Asthma and Triggers
Some of asthma’s triggers are obvious: They include smoke exposure, air pollution, animal danger, allergens (including mold), as well as colds, the flu, and viruses.
Others aren’t. Strong odors, certain foods, some medications, emotions, and even laughter can all become asthma triggers.
These triggers make the insides of your airways swell more, narrowing the ability for air to move in and out of your lungs. Muscles that wrap around your airways can also tighten, making breathing even more difficult.
Everyone’s different, and no two people suffer the same triggers. You can’t always eliminate these triggers, but you can minimize their impact.
If you have asthma, you have it. There’s no cure. (Although asthma attacks only occur when something irritates your lungs).
Asthma and Inflammation
Underlying these symptoms is immune system out of control and inflammation.
Your immune system normally protects you against foreign bacteria and viruses. With asthma, however, your immune system could create many of the miserable symptoms.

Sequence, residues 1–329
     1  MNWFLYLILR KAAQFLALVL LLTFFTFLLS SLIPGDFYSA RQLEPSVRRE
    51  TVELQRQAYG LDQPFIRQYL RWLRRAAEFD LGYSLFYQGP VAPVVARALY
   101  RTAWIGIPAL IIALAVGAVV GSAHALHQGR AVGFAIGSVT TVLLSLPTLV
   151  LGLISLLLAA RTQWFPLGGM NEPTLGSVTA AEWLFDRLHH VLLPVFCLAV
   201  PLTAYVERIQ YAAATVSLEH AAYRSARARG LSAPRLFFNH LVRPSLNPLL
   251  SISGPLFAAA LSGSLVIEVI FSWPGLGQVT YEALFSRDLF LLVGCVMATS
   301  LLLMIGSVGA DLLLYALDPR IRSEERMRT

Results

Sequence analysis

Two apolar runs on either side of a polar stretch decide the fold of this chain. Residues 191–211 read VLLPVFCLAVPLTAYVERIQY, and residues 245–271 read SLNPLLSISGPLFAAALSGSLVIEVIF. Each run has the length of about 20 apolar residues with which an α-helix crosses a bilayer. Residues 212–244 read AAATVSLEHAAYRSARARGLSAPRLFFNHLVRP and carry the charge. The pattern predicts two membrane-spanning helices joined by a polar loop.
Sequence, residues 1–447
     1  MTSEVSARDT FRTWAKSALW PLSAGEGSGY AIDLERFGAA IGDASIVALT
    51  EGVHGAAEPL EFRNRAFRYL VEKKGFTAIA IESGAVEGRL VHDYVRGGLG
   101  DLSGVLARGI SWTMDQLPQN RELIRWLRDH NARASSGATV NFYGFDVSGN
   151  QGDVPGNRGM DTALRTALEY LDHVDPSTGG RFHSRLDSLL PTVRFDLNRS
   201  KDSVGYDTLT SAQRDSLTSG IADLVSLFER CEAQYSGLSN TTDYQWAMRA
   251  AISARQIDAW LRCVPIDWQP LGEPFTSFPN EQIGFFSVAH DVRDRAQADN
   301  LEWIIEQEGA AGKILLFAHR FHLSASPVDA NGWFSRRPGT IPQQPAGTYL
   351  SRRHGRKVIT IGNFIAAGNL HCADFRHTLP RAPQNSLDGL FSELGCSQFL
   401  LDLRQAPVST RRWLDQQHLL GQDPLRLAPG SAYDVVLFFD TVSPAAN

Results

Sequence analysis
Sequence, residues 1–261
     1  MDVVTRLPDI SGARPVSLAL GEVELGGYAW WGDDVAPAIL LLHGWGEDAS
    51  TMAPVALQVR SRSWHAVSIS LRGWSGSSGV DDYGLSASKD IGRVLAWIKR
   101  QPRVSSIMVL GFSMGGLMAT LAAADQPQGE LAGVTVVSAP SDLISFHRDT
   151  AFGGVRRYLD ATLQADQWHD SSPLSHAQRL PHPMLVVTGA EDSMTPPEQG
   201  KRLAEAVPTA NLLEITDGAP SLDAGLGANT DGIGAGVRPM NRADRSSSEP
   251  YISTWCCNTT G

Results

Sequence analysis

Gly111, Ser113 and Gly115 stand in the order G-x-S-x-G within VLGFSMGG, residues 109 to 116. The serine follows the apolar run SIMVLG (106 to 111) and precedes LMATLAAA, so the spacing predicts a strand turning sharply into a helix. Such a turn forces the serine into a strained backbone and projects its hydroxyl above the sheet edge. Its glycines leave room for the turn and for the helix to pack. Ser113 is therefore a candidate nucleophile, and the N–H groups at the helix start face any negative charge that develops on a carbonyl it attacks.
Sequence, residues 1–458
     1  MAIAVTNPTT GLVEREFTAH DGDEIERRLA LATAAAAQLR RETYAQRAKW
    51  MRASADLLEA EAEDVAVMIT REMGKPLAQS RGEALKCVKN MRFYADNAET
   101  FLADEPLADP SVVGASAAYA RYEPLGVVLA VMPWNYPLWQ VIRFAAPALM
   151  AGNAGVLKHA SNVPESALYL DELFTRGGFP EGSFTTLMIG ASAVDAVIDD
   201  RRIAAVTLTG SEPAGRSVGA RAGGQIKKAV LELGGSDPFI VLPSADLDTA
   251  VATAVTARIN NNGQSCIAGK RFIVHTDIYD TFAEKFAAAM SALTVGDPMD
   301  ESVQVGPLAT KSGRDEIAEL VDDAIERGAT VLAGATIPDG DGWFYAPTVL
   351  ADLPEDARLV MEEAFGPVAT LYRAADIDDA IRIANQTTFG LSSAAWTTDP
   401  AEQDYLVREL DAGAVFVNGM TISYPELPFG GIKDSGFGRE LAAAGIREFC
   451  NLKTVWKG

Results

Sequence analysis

Many people with asthma more frequently develop allergies, which occur when your immune system becomes hypersensitive to certain substances or allergens.
People with asthma also often suffer more infections elsewhere in the body. That’s because compromised immune systems make them more susceptible to infections.
Managing asthma becomes crucial to avoid airway remodeling. This condition can occur where your lungs become scarred, asthma medicines don’t work optimally, and less air can move through your airways.
While your healthcare practitioner can help you manage asthma, many people require additional care, and your healthcare practitioner might refer you to an asthma specialist for further management.